chickens huddled around a feeder of cracked corn

Provide Warm Water

Just as it’s important to keep chickens hydrated in the summer, it’s equally important in the winter. It’s actually easy for chickens to get dehydrated in the winter when the water freezes. To keep them hydrated, bring your chickens warm water twice a day if you don’t have a heated waterer to keep the water thawed. 

They’re most likely to drink at dawn and dusk. I’ve used a number of heated waterers, and by far my favorite is this plug in bucket. It does take electricity, but it’s so much easier to fill and clean than the bell type waterers.

straw bales next to drafty chicken coop to keep chickens warm in winter without electricity. chickens in yard scratching for food

Liked this information on how to keep chickens warm in winter? Here’s more:

I’d love to hear your tips for how keeping chickens warm in winter without electricity. What has worked for you?

Wondering how to keep chickens warm in winter without electricity? These easy tips on keeping chickens warm in winter are a must read. Quick and easy changes to the winter chicken coop are helpful with or without electricity.

About Michelle Marine

Michelle Marine is the author of How to Raise Chickens for Meat, a long-time green-living enthusiast, and rural Iowa mom of four. She empowers families to grow and eat seasonal, local foods; to reduce their ecological footprint; and to come together through impactful travel.

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  1. i also had a drafty shed as a coop…i saved all my feed bags from dogs/cats/chickens and stapled them onto inside of boards, covering it all, then added flattened cardboard boxes and then another layer of feed bags. i get a bale of fresh straw often and load up all the areas so they have warmer ground to walk on and in the nesting boxes and spaces. i do feed them about 3 times a day and give them any and all veg scraps, etc…they love bananas! i bring out a bucket of hot water to add to frozen water in the morning and then another in the late afternoon with dinner. i love my chickens and ducks! we’ve had a pretty brutal start to winter this year and so far not one single loss AND still getting half a dozen eggs a day!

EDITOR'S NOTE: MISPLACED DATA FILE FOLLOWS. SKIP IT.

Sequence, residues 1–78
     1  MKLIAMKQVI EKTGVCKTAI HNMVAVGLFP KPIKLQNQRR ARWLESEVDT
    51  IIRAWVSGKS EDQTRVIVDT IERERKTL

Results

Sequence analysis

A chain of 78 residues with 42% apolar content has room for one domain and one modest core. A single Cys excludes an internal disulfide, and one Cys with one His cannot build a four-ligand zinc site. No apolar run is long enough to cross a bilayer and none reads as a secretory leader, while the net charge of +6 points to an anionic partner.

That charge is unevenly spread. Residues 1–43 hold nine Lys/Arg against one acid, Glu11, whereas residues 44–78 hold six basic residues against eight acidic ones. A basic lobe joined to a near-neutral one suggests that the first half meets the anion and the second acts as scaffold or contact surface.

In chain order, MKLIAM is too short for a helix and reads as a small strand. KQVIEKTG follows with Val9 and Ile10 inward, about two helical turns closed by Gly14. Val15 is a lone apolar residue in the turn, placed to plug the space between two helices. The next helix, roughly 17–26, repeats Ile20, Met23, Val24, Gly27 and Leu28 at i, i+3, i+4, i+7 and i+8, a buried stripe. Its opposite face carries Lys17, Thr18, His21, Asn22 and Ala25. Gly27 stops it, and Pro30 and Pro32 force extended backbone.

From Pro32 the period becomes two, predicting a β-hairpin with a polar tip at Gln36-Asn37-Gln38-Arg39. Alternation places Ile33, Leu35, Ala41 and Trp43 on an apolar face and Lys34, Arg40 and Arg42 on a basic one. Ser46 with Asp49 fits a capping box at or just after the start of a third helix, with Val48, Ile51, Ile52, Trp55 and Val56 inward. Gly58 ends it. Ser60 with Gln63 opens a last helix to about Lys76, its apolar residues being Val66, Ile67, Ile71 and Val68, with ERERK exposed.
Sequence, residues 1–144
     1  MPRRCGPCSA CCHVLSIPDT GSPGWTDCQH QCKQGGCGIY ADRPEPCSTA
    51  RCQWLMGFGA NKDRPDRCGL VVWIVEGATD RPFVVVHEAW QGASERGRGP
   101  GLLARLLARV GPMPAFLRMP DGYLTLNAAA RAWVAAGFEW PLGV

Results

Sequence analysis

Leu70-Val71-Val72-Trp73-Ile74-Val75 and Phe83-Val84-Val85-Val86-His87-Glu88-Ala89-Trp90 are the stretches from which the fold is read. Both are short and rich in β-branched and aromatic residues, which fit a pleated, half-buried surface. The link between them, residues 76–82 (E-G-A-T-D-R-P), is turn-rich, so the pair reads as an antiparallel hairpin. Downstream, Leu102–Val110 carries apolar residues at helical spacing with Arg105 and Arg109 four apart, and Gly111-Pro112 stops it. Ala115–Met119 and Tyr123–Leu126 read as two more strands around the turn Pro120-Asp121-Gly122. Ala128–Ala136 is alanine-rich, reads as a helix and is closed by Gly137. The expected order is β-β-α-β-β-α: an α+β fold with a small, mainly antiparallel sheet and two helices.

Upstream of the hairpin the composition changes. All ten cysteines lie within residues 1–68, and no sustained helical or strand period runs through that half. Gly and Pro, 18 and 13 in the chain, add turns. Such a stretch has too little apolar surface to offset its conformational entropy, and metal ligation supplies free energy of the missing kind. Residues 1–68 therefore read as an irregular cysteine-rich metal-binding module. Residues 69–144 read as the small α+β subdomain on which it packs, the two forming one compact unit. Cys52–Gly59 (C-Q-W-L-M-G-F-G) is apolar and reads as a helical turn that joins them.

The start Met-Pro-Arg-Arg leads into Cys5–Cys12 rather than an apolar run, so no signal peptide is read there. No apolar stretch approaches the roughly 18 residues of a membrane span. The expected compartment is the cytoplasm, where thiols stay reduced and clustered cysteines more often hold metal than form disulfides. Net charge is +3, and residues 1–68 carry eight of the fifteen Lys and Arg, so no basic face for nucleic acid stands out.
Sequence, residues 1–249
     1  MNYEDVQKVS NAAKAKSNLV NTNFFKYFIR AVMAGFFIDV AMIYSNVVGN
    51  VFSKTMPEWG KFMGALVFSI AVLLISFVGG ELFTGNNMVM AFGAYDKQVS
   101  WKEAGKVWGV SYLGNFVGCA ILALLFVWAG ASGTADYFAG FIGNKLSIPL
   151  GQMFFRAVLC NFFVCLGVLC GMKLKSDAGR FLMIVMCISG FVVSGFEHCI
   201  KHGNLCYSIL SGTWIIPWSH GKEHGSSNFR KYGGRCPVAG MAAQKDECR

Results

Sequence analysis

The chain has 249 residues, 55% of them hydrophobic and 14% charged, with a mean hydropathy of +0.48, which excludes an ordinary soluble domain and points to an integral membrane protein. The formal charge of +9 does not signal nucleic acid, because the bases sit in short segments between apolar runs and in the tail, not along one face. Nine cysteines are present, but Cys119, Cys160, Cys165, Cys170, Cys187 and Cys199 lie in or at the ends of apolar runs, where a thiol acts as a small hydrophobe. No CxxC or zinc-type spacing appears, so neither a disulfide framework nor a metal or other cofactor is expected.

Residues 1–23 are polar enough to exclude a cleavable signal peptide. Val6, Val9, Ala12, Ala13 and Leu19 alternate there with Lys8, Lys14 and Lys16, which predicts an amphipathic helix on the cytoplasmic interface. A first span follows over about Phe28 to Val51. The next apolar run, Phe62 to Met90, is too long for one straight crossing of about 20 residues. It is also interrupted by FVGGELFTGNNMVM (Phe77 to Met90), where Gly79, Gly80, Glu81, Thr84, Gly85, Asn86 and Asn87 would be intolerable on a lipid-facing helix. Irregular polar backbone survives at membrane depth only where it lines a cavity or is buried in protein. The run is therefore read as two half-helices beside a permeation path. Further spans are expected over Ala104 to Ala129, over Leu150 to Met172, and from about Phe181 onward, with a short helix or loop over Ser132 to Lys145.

1. Hi Desi, I love the idea of stapling empty feedbags up in the coop! Several people mentioned that on facebook as well and it’s a really great way to reduce, reuse, recycle!

  2. A flat 2 x 4 can be hard on large heavy chickens, if they curl their feet around the flat edge it causes their feet to break down over time. helps to have rounded edges

    1. flat roost bars that are wide enough for their whole foot to be flat down not only are best because they are able to cover their feet completely, but small round roosts lead to too roost sores on the keelbone, and less restful sleep. heavier birds are even better off on a larger wider roosting space. a small squared roost bar is going to be bad for the birds feet as well, yes. but the flat and wide method is the best by far for your chickens overall health

  3. Starting to winterize and coming up with good ideas from this site. My concern is that my girl is fat, old and alone this winter. The coop is 4×4 made with 1/2 inch (maybe 3/4 inch, I don’t remember) plywood and has worked great over the years with the exception of a couple of lightly frostbit combs that ended up with Vaseline and healing. My question/concern is this…. How do I ventilate while at the same time, insulating the outside of the coop? She no longer lays so I have filled all the nesting boxes with straw and put a four inch layer on the floor and up the walls a little. I’m thinking about changing out her fave roost with a 2×4 but I’m not sure how steady she’d be if the lays flat footed rather than being able to grip. I’m thinking of covering the outside with blankets and quilt, covered with tarp, but the only opening is the little entrance at the bottom. Is that enough ventilation or what do I need to do? I’d hate to lose her to a freeze after she’s survived fly strike twice this summer!! Thx much!